Warm the engine briefly to loosen any impurities. Next, change the oil and the filters. Pay attention to any milky appearance of the old oil, which might indicate water intrusion.
Winterize the carburetor and spark plug holes by applying fogging oil into them. Remove the drive belts and store them away to avert snapping as a result of tension.
The last step is to fill the fuel tank with gas that's been mixed with a high-quality stabilizer. Run the boat's engine for roughly 15 minutes so the additives reach the fuel lines.
Lubricate the Moving Parts
Your vessel has many moving parts, many of which you need to grease, so they stay lubricated while your boat is in storage. Start with the boat's steering system, in addition to control mechanisms. Apply moisture-displacing lubricant on other moving parts, including the latches, hinges, and linkages.
Don't forget about the propeller. Detach it and inspect for any fishing line or seal damage. If satisfied with its condition, lubricate it and return it to its position.
Take Out Sensitive Materials
There's a lot of stuff that you keep in your boat for added safety and convenience during your boating expeditions. But as these components are not part of your vessel, you need to remove and store them separately during the winter months.
Start with such components as fire extinguishers, flares, and life jackets. If the boat's interior is fitted with leather, fabric, and other organic materials, you may want to remove them to prevent mold and mildew growth while the boat is in storage.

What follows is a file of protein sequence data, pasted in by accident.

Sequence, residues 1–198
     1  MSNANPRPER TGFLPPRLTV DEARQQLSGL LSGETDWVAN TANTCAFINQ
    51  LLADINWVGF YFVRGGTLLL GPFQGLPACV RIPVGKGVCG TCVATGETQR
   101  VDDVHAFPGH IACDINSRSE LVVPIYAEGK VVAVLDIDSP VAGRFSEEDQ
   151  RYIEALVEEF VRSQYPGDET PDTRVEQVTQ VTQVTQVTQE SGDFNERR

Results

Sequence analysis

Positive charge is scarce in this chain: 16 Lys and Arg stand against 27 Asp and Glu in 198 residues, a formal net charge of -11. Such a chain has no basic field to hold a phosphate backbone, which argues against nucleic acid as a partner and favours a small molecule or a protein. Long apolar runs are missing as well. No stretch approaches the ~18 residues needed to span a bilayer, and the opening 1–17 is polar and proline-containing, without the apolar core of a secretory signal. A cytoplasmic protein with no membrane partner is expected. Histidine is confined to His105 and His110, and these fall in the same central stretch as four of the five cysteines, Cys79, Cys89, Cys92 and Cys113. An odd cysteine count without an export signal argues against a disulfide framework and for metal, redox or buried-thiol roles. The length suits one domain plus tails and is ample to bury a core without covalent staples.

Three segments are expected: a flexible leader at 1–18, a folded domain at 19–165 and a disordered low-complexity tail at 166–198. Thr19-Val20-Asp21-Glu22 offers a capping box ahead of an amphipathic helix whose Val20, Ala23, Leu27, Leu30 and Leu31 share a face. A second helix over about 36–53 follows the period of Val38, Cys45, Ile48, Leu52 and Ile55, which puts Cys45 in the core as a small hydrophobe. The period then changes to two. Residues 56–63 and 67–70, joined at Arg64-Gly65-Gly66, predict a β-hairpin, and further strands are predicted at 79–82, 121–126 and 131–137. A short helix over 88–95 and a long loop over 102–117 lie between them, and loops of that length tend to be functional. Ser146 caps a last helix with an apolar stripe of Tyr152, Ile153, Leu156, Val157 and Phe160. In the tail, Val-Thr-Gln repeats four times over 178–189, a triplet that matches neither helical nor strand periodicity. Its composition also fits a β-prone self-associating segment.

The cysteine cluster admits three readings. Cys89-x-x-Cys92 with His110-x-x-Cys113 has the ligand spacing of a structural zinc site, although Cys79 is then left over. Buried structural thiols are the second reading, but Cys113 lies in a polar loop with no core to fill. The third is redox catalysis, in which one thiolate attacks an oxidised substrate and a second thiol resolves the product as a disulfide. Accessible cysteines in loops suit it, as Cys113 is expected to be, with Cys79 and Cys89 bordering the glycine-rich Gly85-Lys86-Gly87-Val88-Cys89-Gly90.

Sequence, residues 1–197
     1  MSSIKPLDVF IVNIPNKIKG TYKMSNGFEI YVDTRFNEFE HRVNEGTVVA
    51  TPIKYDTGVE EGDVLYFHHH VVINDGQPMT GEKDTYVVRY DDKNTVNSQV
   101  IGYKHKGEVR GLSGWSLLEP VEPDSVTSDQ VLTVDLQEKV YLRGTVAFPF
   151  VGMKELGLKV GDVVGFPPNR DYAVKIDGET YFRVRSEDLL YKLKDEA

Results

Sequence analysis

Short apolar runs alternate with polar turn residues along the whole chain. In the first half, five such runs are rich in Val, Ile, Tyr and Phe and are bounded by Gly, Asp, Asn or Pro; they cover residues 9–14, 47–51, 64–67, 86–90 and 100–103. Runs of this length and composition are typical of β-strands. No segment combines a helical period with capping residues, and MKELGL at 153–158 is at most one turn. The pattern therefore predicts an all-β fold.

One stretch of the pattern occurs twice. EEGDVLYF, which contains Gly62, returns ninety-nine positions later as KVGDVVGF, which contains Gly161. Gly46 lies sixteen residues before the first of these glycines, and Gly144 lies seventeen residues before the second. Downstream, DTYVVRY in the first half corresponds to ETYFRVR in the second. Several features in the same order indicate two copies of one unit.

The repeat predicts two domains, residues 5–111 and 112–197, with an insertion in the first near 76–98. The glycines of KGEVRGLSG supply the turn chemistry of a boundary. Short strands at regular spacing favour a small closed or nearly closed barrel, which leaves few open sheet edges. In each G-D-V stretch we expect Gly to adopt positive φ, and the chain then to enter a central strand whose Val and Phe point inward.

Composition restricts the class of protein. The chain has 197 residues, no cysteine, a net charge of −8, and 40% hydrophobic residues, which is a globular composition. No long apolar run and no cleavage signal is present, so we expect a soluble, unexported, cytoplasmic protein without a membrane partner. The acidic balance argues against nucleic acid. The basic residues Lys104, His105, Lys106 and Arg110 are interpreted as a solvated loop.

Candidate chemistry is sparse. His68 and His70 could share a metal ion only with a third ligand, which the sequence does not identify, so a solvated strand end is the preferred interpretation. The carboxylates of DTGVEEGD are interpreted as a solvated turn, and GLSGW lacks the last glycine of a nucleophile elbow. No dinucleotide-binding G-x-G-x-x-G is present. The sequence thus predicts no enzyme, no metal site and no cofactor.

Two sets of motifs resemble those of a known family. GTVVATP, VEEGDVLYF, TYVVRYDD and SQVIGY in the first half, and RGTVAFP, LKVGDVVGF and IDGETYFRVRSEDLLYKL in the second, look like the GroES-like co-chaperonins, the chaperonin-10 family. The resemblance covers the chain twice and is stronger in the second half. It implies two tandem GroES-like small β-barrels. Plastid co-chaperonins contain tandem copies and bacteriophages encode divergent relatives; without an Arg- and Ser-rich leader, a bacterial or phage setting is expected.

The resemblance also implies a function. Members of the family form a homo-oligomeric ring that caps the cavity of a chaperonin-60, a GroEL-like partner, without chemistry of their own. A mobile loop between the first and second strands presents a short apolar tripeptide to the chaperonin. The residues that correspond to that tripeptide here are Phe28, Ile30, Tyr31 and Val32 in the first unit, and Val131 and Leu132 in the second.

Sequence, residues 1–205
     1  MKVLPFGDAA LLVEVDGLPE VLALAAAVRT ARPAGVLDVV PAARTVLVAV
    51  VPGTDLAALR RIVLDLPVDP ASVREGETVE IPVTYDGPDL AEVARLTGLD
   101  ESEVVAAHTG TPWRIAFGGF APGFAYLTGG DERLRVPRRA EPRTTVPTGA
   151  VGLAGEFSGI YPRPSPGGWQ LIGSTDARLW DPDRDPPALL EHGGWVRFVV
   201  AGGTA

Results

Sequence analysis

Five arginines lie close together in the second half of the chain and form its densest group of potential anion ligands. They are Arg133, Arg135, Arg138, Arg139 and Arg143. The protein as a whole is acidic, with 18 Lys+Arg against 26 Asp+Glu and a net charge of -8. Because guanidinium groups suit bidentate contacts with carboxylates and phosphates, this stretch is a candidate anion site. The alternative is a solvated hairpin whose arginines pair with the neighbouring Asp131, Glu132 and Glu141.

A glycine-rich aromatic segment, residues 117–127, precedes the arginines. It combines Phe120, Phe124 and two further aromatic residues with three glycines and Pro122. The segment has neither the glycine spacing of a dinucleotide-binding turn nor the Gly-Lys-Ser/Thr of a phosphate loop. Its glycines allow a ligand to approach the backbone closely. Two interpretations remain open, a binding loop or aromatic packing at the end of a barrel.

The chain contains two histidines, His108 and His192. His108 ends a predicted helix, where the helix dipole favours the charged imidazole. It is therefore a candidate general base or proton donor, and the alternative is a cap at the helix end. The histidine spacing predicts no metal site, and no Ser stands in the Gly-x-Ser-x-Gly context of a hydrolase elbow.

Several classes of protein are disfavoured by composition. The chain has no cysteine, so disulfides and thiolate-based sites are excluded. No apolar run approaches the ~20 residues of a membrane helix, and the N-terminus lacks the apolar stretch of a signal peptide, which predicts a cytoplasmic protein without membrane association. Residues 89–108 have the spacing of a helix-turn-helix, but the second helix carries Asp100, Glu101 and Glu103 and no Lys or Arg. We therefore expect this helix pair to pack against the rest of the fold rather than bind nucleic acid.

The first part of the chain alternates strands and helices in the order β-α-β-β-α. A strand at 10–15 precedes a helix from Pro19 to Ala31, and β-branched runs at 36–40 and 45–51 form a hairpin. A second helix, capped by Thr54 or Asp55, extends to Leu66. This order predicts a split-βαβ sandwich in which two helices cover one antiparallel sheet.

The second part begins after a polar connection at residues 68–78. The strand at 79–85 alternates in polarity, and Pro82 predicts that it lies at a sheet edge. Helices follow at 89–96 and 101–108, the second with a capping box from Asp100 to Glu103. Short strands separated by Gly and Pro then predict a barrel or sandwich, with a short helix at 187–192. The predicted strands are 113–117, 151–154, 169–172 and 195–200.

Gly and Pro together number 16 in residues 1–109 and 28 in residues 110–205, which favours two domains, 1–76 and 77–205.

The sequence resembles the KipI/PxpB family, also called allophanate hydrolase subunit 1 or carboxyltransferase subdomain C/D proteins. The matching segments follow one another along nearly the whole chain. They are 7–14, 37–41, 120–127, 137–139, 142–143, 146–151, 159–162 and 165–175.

Remove any electronics on the boat as well as they can get damaged in icy conditions.
Stick a couple of dehumidifiers in the boat to keep moisture from building over the winter. We have a lot of options you can view here.
Find a Suitable Place for Storage
Now that you've gotten your boat ready for winter storage, it's time to find a suitable place to store the vessel. If your boat is adequately covered, you can keep it in your driveway or backyard.
But keeping your boat in your driveway is far from ideal, as the elements and thieves are still a threat to your vessel. If your garage is spacious enough, it's best to store your boat there.
The alternative is to rent a self-storage facility. Many of these offer round-the-clock monitoring, as well as regular maintenance during the time your vessel stays there.
Proper Winter Boat Storage Is Essential
Your boat is a considerable investment, and it's only natural to want to keep it in top shape for as long as possible. Part of doing so is ensuring that you take care of your watercraft during the winter. The boat storage tips we've offered here are enough to ensure that, when the cold months are over, your vessel will be in the best shape to provide the boating experience you'll have been looking forward to.
Be sure to take a look at our full catalog of boat supplies to help you keep your boat safe during those winter months.